• CBC, chemistry panel, on days 0, 7, 21, 28, 42, 49, 63, 70. UA on days 0, 21, 42, and 63. Thoracic radiographs and/or abdominal ultrasound on day 0 and 63, then every 3 months thereafter.

Benefit:

  • Once enrolled study is fully funded. Assistance with travel costs will be provided. Treatment includes: free drug and drug administration, hospitalization for 1st night, blood work, imaging (radiographs, CT, U/S) and office calls.
  • Initial office visit and staging are owner’s responsibility. The cost of staging tests of qualified dogs will be covered.

Contact Faculty Person: Dr. Jeff Bryan


Canine Cachexia Study

The true prevalence of cachexia in canine patients has not been determined, due in part to euthanasia when a pet’s quality of life declines and weight loss ensues. The objectives for this study are to determine toxicity, including cardiovascular effects of the final drug candidate of MC4 peptide receptor antagonist and to determine preliminary efficacy of MC4 peptide receptor antagonist in dogs with cachexia.

Criteria:

  • History of 5% or greater with loss within past three months
  • Radiation and chemotherapy allowed at clinician discretion
  • Washout of 2 days required for appetite stimulants.
  • CBC, chemistry panel, UA, and abdominal ultrasound within 14 days of enrollment
  • Corticosteriod use allowed if > 14 days prior to enrollment

Exclusion:

  • Concurrent CHF, cardiac arrhythmias (related to bradycardia), dilated cardiomyopathy, azotemia, renal failure or liver dysfunction
  • Cancer of the GI tract; esophagus, stomach or intestines
  • Use of appetite stimulants

Therapy:

  • Initial visit-Blood work, abdominal ultrasound, 24 hour holter monitor.
  • Subsequent visit: Blood pressure, followed by subcutaneous administration of MC4 peptide receptor antagonist, 24 hr PK sampling post drug administration.
  • Daily subcutaneous administration of MC4 peptide receptor antagonist by owner.
  • CBC, chemistry panel, UA week 2 and week 4
  • Holter monitor at week 4
  • Blood pressure checked pretreatment and at week 4.
  • Owner to complete daily diary

Benefit: Owner to pay initial office visit and bloodwork. Study covers abdominal ultrasound, cost of monitoring and treatment.     

Contact Faculty Person: Dr. Sandra Bechtel


Biodistribution of Boron Liposomes in Spontaneous Canine Cancers

The aim of this project is to determine the boron concentration of spontaneous canine tumors after administration of novel boron-containing agents. These boron concentrations will guide future boron neutron capture therapy studies used to treat canine tumors, with the goal of ultimately developing trials in human head and neck cancer. In this study, the boron compounds, which have shown to be safe in normal dogs, will be administered and the patients will receive serial biopsies to evaluate boron concentration. These dogs will not receive neutron irradiation, and thus will not receive boron neutron capture therapy.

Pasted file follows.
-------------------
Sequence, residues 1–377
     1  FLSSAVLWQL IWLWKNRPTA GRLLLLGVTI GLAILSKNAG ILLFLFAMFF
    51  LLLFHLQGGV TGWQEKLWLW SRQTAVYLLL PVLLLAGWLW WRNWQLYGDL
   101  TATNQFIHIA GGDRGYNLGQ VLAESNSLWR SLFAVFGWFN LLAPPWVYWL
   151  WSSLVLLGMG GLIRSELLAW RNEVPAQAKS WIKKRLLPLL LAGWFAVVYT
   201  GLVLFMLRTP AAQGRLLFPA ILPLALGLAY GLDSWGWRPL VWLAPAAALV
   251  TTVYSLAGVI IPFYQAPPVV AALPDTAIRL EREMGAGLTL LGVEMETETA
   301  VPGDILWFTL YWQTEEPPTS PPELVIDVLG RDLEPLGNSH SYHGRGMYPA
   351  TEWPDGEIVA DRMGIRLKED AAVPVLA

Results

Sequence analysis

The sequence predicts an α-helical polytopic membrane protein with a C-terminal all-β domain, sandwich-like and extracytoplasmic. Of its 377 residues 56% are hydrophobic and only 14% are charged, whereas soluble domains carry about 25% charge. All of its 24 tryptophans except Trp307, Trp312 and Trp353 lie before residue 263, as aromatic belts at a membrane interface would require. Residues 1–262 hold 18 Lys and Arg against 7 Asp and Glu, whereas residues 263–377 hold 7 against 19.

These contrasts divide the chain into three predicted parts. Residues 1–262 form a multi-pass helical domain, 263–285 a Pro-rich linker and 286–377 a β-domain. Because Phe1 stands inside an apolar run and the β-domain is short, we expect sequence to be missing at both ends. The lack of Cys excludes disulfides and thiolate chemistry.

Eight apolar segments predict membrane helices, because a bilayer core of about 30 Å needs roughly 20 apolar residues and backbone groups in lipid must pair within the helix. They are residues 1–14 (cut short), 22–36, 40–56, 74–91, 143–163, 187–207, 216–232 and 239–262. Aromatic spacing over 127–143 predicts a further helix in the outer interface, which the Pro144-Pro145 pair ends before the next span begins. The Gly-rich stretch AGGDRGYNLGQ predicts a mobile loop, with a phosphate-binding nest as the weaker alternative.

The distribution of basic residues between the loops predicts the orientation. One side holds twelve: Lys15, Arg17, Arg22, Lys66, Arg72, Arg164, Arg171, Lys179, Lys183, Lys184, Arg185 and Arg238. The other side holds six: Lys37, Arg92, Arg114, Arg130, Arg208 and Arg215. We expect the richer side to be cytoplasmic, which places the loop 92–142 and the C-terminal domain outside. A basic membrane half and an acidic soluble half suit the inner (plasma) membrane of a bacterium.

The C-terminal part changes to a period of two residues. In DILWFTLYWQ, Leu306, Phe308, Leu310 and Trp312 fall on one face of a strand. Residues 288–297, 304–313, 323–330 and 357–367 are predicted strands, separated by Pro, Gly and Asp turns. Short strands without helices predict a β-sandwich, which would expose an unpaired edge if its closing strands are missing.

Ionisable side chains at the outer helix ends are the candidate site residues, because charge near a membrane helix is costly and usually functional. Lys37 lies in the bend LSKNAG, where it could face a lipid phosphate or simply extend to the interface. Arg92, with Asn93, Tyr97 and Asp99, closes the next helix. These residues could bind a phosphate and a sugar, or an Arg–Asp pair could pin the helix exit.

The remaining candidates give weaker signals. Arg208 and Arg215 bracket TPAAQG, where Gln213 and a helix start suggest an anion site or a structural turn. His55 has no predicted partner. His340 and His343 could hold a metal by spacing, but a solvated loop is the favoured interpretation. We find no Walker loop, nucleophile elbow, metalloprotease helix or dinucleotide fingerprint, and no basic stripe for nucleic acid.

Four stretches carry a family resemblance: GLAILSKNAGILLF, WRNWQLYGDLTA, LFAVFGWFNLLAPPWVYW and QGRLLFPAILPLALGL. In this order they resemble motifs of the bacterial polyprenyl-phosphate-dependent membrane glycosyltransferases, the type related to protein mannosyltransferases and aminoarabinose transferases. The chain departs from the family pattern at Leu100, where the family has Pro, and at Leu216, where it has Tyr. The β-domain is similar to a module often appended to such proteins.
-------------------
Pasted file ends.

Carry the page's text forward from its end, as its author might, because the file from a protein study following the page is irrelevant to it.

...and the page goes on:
Criteria:

  • Any histologic confirmed salivary or oral tumor or any solid tumor at least 2 cm but no greater than 5 cm
  • CBC, Chemistry panel, UA, FNA of draining lymph node, thoracic radiographs, +/- abdominal U/S
  • Adequate renal, hepatic and hematologic parameters.
  • No significant co-morbidities
  • NSAIDS or steroids are permitted if started at least 2 weeks prior to treatment
  • 10-35 kg body weight

Exclusion:

  • Osteosarcoma or round cell tumors
  • Prior chemotherapy or radiation therapy
  • Tumor < 2 cm or > 5 cm
  • History of pancreatitis or prior administration of liposomal compounds
  • Distant metastasis

Therapy:

  • Must start on Monday
  • Premedication with maropitant and diphenhydramine, administration of MAC/TAC liposome compound daily for one or two days.
  • Blood draw and biopsies at 24, and 48 hours post infusion
  • 72 hours post infusion blood draw with-incisional biopsy or tumor removal at VHC.
  • Recheck exam-10-14 days- CBC, chemistry panel, UA, boron PK, suture removal

Benefit:

  • Owner to pay initial office call and staging. Study to cover costs associated with liposome infusion, biopsies, and four days hospitalization, plus up to $1500.00 towards surgery or RT.  

      Contact Faculty Person: Dr. Charles Maitz


COTC021-OSA-SOC + Rapamycin

COTC021-OSA-SOC + Rapamycin seeks to evaluate the safety and effectiveness of Standard of Care therapy, with adjuvant rapamycin administration. Standard of Care is defined as amputation of the affected limb, followed by four doses of carboplatin given every three weeks. Dogs will be randomized to either COTC021 or COTC022 at the start of therapy, which will determine the treatment prescribed.

Criteria:

  • Appendicular osteosarcoma confirmed by histopathology or cytology
  • Normal CBC, chemistry panel, UA, abdominal ultrasound, and thoracic radiographs within 10 days of amputation at MU-VHC.
  • Patient must weigh over 25 kgs